I’m not quite sure what this post is about… bike cables, perhaps? I feel like I walked into the room in the middle of a detailed conversation without knowing what the subject of the conversation actually is, so I have to try and pick up on it by context.
Cyclists of the world unite! You have nothing to lube but your chains!
I’m guessing it’s for motorcycles, considering who posted it and that bicycle cables are usually quite easy to lubricate.
There are other schools of thought that lube just attracts dirt which will eventually gum up things, increase friction, and wear down the nylon sleeves. At least for bicycles that often do not have continuous housing from end to end. Boots over the housing ends certainly help otherwise.
Wait, so the bits go faster if you lube your Cat-6 cables?
“lubing your cables”
(cue the sound of creepy Bevis and Butthead laughter.)
Sounds like all the control cables on a motorcycle, as well. They run mostly through a sheath with open ends on both sides. Its such a small gap I’d gather that occasional lubing will keep stuff blown through or just the cable innards greased enough for it to be helpful. I can see that lubing once and forgetting may create a gummy situation. Most of my bike is crud encrusted.
As a biker from way back in the 70s, we used to lubricate cables as part of normal servicing. I didn’t use a tool though, being too broke at the time, but a condom/polythene bag/rubber glove filled with oil and a couple of rubber bands. Part fill with oil, attach to end of cable with rubber bands, squeeze slowly to push oil through.
Bowden cables like these aren’t automotive grade, they wear faster anyway, so every bit of anti-friction would seem like a good idea.
That’s why I prefer graphite in an evaporating carrier, such as Lock-Ease. Avoid the stuff with teflon granules.
Of course I’m lubing the cables for the azimuth adjuster in my space-time interociter, but it’d probably work on bikes too.
Huh, I used to lube the brake/gear cables on my (pedal-)bike. Put some drops at one end, jiggle the wire a bit (pump the brake handle or manhandle a shift lever a bit), repeat a few times. The oil works up the sheath fairly fast, at least for the short runs I dealt with.
Just to make it confusing, there is such a thing as cable pulling lube for network cabling and the like.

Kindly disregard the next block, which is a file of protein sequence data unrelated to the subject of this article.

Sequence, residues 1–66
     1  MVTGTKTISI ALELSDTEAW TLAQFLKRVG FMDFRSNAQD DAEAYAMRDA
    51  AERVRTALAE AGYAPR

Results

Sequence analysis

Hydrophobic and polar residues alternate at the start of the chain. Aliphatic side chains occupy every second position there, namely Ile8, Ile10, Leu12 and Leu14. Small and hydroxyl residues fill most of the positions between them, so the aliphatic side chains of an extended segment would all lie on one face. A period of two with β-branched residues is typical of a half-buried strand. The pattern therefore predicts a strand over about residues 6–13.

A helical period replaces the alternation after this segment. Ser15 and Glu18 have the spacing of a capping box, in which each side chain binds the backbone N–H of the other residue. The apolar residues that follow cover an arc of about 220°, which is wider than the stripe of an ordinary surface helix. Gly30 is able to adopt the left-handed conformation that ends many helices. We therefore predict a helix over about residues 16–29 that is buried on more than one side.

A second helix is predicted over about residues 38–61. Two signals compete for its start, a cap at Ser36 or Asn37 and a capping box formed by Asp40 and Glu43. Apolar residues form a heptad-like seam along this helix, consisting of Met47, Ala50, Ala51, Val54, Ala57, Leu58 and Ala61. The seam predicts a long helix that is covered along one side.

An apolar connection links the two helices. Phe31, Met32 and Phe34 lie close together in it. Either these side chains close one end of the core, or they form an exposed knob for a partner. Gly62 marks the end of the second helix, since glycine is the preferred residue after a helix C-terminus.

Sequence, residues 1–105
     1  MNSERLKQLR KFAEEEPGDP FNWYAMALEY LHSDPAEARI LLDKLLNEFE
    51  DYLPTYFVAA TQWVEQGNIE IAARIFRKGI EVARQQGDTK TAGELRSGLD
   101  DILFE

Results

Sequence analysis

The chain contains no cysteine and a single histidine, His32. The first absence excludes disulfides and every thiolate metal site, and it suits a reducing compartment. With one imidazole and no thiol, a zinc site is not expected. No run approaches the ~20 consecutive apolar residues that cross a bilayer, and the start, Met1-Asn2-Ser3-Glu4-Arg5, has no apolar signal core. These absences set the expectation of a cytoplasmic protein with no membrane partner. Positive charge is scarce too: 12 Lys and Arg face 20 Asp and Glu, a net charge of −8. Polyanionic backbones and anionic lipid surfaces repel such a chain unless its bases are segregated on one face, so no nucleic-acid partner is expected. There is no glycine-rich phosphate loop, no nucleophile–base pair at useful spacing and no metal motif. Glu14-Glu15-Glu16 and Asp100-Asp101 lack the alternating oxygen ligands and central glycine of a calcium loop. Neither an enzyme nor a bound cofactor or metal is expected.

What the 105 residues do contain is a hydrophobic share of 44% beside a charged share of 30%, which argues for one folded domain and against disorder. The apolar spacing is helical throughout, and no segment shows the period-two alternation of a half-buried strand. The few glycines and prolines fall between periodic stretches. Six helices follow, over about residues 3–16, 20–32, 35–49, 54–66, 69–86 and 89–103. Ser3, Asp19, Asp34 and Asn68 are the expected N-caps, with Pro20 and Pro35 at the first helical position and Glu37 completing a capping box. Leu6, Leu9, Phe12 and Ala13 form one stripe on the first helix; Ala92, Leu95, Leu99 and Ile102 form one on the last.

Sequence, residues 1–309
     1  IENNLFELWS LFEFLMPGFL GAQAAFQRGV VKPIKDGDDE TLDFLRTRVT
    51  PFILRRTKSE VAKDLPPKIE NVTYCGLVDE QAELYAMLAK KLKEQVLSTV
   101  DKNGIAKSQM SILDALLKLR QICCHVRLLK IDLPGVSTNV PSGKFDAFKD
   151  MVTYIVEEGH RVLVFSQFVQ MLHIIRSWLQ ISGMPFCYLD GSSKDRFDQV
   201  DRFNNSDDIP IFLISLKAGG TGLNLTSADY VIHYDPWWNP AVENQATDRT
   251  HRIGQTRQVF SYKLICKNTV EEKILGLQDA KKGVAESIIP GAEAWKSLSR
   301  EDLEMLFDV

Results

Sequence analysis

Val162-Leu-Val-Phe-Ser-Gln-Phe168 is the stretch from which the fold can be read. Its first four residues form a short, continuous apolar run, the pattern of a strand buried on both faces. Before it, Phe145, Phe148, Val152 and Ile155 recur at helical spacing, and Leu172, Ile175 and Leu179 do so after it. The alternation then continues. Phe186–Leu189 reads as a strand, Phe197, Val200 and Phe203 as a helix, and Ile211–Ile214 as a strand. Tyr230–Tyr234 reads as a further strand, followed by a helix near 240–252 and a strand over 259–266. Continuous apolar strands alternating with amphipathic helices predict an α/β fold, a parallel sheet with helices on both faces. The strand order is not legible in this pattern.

(e.g. http://solutions.3m.co.uk/wps/portal/3M/en_GB/ElectricalMkts/ElectricalSupplies/products/cable-cleaning-pulling/standard-duty-cable-pulling-lubricant/ )
I think lubing is good for nylon sheaths but not for PTFE (Teflon) sheaths. However, cables are cheap and once you’ve ridden home using pliers instead of the designed control surface (twist grip or lever) you will have a memory, perhaps terrifying, making you change them sooner (been there, now do that).
buy the best please - Motion Pro Cable Lube Tool
Clarity is for noobs.
I was fully expecting this to be another audiophile related post.
I am sad that it is not.
I’ve lubed a couple of automotive cables in my time: a throttle cable or two, a speedometer cable, a transmission shift linkage. Never had a tool to do it, so it was a messy process of pulling the cable out of the sheath, rubbing lithium grease all over it, and sliding it back in, then repeating if it seemed to need more. I suspect my way was kind of a wrong way to go about it, but for what it’s worth, it seemed to work fine. I’ll remember to seek out a proper tool next time.
Is a cable lubber like a landlubber?
For motorcycles, use something like DrySlide, an evaporative medium carrying molybdenum disulfide. For bicycles, either don’t do it, or use DrySlide or some Teflon stuff. A lot of nicer bikes have self-lubing cable guides. For “Teflon stuff” you can just spray some Teflon chain wax down the tube. For motorcycles this is sort of a “no duh” thing. It does wonders for throttle and clutch cables.